The South African Sauvignon Blanc
Interestingly, the specific taste of each region’s version of the Sauvignon Blanc differs slightly depending on the climate and soil conditions. Because South Africa is a country that is as diverse as the people it is home to, each farm’s Sauvignon Blanc bears its own unique flavour, whether grassy, crisp or fruity. Despite being defined by its dry, fresh nature, this grape can also be used in the production of dessert wines. Sauvignon Blanc does not take long to mature, and is best when it is still young. It is ideal alongside a dish of fish or cheese. Interestingly, it also goes down well with pasta and sushi.
Because the taste of a Sauvignon Blanc is so dependent on the area and other environmental criteria, South Africa prides itself for its rich array of quality wines. Each one, with its signature aroma, shows off another little corner of this fantastically fertile land. Vines can be planted in rock, sand or flint, which also affects the bouquet and flavour, especially to the trained taster. It is believed that South Africa’s advantage in producing the ideal Sauvignon Blanc lies in our ability to balance acidity and fruitiness in perfect ratio to one another.
South Africa’s Sauvignon Blancs have featured high amongst international competitors, and are in enormous demand the world round. Gaining international acclaim sets South Africa apart amongst wine producers. By setting this standard, SA has gained credibility, not only for these grapes, but for a host of other varieties too. Some of the most outstanding Sauvignon Blancs to compete on a global level include Boschendal, Cederberg, Constantia Glen, Fryers Cove, Graham Beck, Jordan, Klein Constantia, Nederburg and Springfield.
Wine farmers frequently elect to pick Sauvignon Blanc grapes at different intervals in the season. This lends the end product a complex combination of flavours. The riper the grape, the sweeter it is. By combining these with the tarter, younger berries, the flavour is enhanced and balanced. When the berries are being gathered, oxygen is excluded to ensure that the flavour is kept inside the grape.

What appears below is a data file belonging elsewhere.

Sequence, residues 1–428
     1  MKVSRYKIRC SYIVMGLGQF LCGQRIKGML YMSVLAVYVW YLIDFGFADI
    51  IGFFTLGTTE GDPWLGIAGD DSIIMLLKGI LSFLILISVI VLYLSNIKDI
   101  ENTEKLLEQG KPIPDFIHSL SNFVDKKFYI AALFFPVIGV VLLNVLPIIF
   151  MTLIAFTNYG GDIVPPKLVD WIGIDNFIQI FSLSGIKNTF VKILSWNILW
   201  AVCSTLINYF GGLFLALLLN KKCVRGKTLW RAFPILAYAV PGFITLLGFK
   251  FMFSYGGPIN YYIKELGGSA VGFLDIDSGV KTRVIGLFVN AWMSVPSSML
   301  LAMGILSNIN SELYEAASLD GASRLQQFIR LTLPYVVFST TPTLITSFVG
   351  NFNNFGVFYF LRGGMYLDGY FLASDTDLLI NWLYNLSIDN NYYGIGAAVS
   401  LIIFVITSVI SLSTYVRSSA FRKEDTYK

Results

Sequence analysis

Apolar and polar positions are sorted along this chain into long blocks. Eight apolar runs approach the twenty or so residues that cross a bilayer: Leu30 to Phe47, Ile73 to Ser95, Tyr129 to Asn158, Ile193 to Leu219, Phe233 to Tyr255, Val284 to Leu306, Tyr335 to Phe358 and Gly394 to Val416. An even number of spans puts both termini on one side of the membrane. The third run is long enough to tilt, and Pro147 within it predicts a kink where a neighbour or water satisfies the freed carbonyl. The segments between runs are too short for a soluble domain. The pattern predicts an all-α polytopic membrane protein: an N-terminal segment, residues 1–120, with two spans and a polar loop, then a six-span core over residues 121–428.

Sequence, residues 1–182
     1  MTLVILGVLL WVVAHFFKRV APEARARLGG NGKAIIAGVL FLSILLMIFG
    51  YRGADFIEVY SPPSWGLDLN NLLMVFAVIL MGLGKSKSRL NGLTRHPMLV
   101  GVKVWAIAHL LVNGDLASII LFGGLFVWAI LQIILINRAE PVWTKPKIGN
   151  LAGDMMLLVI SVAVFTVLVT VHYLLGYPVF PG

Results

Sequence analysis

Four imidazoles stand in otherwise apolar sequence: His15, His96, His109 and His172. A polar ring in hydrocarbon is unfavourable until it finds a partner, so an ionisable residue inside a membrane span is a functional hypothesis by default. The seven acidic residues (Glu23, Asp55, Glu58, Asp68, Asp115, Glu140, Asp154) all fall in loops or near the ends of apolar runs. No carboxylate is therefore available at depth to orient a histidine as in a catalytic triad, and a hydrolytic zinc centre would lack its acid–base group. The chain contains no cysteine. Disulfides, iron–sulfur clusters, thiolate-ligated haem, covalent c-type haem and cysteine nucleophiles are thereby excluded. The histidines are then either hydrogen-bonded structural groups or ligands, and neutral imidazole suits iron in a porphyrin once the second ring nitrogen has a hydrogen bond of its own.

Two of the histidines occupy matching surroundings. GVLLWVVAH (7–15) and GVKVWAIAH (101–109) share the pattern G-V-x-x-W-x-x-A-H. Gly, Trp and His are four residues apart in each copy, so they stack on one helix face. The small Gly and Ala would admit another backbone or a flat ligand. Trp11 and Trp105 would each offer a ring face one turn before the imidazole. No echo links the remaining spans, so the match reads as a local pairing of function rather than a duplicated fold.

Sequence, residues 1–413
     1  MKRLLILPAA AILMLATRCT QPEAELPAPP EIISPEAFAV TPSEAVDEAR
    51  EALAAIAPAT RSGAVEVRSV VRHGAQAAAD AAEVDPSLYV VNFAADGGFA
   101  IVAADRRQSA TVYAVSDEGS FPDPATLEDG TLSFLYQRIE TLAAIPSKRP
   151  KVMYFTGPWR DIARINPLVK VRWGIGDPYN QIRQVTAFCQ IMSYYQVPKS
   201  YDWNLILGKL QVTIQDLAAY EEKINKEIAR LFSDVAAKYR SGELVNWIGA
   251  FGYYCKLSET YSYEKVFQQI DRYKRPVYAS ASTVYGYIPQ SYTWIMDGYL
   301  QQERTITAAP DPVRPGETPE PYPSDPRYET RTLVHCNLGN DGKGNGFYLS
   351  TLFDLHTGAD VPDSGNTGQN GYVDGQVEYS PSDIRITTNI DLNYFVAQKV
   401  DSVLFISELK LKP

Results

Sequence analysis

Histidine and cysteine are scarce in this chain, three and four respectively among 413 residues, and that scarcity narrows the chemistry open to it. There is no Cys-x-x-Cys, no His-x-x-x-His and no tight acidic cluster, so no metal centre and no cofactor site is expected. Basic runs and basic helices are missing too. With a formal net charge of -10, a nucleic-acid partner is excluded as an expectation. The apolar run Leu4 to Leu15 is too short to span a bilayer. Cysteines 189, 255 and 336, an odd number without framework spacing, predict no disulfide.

This reductive process is carried through right until the wine is bottled. The contact between the skin and the juice of the grape also needs to be monitored so that the flavours are controlled. If the contact between these two components of the grape is left for too long after picking, the wine becomes very intense. This reduces the aging ability of the wine significantly.
Even the temperature at which the Sauvignon Blanc is fermented impacts heavily on the resultant flavour. When fermentation is conducted under warmer conditions, the resulting wine has a grassier, earthy taste to it. Cooler temperatures bring out the fruity, tropical qualities of the wine. Although this wine does not require a long aging process and is best enjoyed young, oak barrels soften the flavour, while steel barrels maintain the very crisp, dry quality of the wine.
With such an adaptable and easily influenced grape, South African wine farmers are granted the ideal opportunity to prove the quality that this country’s rich soil and climate enables. This is most perfectly reflected in the crisp Sauvignon Blanc.
Fiona Phillips has an M.B.A. from the University of Cape Town’s Graduate School of Business and completed several Cape Wine Academy courses, culminating in Diploma II. Her passion for wine and her fascination for the limitless possibilities of the Internet motivated the start-up http://www.cybercellar.com